I came back from GE headquarters the other day with my head full of thoughts. First, I’m going to mention Chris Grams, from Red Hat, who stuffed my head up almost to the top. He talked about the importance of community in the success of Red Hat, and did so in such an elegant way as to make me want to dust of my RHEL3.0 software and build servers. But you don’t have to be a nerd to appreciate what Chris does for Red Hat. I included their hip video down below.
In. That’s the powerful word. It helped Red Hat earn a billion dollars while they gave away free software for a living. Yep, Red Hat is free (most of it, anyhow). They’re a billion dollar – B-billion dollar – company who gives their product away for free, and the way they power this growth and success is by being in communities. They don’t own communities. They’re in them.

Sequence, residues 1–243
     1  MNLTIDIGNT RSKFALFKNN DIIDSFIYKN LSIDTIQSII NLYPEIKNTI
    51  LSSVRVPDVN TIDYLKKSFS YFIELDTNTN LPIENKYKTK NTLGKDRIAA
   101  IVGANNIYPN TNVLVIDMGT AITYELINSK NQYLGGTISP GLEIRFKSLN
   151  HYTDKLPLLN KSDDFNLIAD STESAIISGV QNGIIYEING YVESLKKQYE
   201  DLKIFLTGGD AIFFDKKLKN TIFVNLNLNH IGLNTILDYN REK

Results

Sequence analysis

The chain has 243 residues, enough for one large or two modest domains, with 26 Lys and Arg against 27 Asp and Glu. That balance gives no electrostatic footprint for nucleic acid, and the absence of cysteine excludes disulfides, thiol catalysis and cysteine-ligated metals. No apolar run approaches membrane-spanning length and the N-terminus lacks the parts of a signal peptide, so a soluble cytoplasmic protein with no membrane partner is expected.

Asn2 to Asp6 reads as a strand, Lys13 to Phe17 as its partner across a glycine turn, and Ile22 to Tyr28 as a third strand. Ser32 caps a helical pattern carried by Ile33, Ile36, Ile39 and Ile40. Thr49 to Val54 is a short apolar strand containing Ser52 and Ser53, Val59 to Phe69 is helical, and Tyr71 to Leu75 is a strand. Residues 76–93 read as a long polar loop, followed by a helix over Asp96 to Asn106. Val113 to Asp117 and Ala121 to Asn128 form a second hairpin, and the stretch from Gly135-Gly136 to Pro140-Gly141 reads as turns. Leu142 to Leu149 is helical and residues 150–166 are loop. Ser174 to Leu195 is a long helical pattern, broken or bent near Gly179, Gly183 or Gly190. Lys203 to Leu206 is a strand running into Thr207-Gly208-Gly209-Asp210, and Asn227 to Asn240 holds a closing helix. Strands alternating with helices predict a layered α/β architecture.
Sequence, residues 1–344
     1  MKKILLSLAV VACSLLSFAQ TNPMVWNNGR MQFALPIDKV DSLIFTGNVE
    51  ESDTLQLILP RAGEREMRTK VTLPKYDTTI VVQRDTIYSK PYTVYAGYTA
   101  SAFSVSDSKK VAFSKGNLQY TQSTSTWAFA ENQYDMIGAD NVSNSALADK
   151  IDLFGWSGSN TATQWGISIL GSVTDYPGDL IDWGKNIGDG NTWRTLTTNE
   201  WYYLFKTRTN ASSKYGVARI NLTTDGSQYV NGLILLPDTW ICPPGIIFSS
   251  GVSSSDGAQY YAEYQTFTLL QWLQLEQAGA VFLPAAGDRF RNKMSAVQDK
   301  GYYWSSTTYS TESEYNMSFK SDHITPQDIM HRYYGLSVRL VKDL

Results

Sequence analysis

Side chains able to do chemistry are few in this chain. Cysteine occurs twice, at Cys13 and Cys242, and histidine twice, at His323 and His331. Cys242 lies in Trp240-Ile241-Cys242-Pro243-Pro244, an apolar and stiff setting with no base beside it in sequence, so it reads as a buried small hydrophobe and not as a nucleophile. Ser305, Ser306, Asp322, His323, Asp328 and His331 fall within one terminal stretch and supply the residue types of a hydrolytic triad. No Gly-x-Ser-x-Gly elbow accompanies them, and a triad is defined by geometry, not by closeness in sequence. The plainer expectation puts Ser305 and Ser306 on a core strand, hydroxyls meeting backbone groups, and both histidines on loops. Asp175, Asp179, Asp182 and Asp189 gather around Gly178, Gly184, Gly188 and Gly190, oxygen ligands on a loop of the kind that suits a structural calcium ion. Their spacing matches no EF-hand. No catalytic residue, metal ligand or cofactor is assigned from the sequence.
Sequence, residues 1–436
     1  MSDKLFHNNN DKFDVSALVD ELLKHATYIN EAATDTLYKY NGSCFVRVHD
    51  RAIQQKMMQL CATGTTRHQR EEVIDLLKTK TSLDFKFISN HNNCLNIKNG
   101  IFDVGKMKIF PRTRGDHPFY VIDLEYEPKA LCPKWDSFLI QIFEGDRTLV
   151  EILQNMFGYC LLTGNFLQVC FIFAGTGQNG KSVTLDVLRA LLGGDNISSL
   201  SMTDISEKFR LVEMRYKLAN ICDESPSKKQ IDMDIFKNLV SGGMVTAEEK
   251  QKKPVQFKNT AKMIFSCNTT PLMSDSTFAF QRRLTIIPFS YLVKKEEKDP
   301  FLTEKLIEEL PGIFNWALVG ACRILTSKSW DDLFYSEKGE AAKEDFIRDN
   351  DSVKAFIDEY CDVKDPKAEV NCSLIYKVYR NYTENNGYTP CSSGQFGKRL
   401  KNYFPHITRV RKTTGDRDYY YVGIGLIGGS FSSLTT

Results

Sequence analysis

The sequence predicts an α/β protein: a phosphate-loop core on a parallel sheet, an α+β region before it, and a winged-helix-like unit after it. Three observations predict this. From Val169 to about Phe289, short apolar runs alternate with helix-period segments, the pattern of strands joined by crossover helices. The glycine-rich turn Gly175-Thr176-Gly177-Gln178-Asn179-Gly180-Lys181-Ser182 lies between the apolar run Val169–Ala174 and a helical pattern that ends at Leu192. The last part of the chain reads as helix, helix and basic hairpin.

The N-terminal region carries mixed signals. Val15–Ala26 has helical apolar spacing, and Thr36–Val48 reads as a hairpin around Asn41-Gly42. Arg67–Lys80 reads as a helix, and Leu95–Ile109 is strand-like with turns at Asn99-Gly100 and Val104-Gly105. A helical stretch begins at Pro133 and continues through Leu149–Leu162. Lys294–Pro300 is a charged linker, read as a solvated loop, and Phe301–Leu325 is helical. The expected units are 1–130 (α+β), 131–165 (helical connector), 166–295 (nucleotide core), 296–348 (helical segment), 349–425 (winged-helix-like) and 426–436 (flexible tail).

Other Words of Power
But only if you mean “one of us” and “we of the ____ community” and “our community’s ideas.”
Communities do have leaders, but that’s not always you. Communities have active participants. That one, you can do.
A simple post, but ask yourself this: would the senior team at your company accept this?
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